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Brain Sci. 2014, 4(2), 428-452; doi:10.3390/brainsci4020428

Human Brain Basis of Musical Rhythm Perception: Common and Distinct Neural Substrates for Meter, Tempo, and Pattern

1,* , 2,3,† and 2
1 Center for Biomedical Research in Music, Colorado State University, Ft. Collins, CO 80523, USA 2 Department of Psychology, University of Sheffield, Sheffield S102TP, UK 3 Department of Psychology, University of Milano-Bicocca, Milan 20126, Italy Present address: Don Carlo Gnocchi Foundation, Milan 20121, Italy
* Author to whom correspondence should be addressed.
Received: 14 January 2014 / Revised: 26 May 2014 / Accepted: 30 May 2014 / Published: 17 June 2014
(This article belongs to the Special Issue Music and Neural Plasticity)
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Rhythm as the time structure of music is composed of distinct temporal components such as pattern, meter, and tempo. Each feature requires different computational processes: meter involves representing repeating cycles of strong and weak beats; pattern involves representing intervals at each local time point which vary in length across segments and are linked hierarchically; and tempo requires representing frequency rates of underlying pulse structures. We explored whether distinct rhythmic elements engage different neural mechanisms by recording brain activity of adult musicians and non-musicians with positron emission tomography (PET) as they made covert same-different discriminations of (a) pairs of rhythmic, monotonic tone sequences representing changes in pattern, tempo, and meter, and (b) pairs of isochronous melodies. Common to pattern, meter, and tempo tasks were focal activities in right, or bilateral, areas of frontal, cingulate, parietal, prefrontal, temporal, and cerebellar cortices. Meter processing alone activated areas in right prefrontal and inferior frontal cortex associated with more cognitive and abstract representations. Pattern processing alone recruited right cortical areas involved in different kinds of auditory processing. Tempo processing alone engaged mechanisms subserving somatosensory and premotor information (e.g., posterior insula, postcentral gyrus). Melody produced activity different from the rhythm conditions (e.g., right anterior insula and various cerebellar areas). These exploratory findings suggest the outlines of some distinct neural components underlying the components of rhythmic structure.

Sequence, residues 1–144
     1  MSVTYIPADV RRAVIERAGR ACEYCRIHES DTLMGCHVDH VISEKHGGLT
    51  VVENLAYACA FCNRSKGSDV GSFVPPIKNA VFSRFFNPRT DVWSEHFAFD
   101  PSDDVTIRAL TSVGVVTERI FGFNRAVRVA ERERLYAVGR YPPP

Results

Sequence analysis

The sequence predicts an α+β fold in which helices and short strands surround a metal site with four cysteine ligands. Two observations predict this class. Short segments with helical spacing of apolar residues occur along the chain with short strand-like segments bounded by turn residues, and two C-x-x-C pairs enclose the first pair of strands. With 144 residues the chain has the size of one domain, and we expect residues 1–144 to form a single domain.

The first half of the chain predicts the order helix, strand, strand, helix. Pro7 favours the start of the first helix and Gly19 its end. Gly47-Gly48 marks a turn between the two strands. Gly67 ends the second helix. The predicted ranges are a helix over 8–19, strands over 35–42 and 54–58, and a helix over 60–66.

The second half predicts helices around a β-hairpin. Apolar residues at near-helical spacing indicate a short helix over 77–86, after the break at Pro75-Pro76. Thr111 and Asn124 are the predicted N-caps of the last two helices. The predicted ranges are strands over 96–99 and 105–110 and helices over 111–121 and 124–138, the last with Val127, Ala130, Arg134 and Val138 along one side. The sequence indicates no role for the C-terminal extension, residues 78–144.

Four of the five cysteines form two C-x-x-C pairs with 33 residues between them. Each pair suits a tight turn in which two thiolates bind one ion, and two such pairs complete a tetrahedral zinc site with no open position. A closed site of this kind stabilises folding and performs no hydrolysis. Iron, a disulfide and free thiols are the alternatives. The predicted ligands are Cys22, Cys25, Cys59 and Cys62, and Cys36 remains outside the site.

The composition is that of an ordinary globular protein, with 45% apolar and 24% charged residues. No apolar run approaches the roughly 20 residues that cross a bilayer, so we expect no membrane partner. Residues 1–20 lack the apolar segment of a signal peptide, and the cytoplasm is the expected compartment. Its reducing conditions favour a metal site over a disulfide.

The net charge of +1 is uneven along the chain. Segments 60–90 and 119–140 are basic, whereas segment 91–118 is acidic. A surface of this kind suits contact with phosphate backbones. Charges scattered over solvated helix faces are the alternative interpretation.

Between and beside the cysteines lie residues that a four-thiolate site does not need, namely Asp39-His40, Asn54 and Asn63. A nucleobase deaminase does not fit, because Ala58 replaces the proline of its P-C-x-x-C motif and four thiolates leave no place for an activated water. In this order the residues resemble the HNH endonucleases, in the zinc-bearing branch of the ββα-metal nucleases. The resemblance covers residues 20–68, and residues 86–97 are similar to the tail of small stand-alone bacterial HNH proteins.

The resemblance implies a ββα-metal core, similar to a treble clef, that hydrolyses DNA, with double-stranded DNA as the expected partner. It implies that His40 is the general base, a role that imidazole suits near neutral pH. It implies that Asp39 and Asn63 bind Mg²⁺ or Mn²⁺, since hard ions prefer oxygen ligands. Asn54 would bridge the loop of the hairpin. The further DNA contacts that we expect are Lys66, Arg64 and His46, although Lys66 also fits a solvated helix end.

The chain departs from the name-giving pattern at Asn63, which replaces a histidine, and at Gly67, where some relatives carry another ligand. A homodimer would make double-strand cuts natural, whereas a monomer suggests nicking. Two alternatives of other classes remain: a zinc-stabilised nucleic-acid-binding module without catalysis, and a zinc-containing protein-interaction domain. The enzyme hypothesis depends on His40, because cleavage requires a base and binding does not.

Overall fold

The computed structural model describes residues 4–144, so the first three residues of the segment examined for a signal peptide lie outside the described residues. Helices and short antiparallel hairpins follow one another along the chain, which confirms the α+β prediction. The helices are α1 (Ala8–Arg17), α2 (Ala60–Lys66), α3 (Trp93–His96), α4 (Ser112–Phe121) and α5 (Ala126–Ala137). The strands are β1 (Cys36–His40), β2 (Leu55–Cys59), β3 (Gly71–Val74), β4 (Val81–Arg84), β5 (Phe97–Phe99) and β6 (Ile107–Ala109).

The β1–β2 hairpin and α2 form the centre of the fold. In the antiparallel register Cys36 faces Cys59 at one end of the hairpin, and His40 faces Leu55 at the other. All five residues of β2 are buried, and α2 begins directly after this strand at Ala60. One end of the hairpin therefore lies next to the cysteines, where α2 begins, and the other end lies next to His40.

Keywords: music; neuroimaging; rhythm; perception; brain music; neuroimaging; rhythm; perception; brain
This is an open access article distributed under the Creative Commons Attribution License which permits unrestricted use, distribution, and reproduction in any medium, provided the original work is properly cited.

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Thaut, M.H.; Trimarchi, P.D.; Parsons, L.M. Human Brain Basis of Musical Rhythm Perception: Common and Distinct Neural Substrates for Meter, Tempo, and Pattern. Brain Sci. 2014, 4, 428-452.

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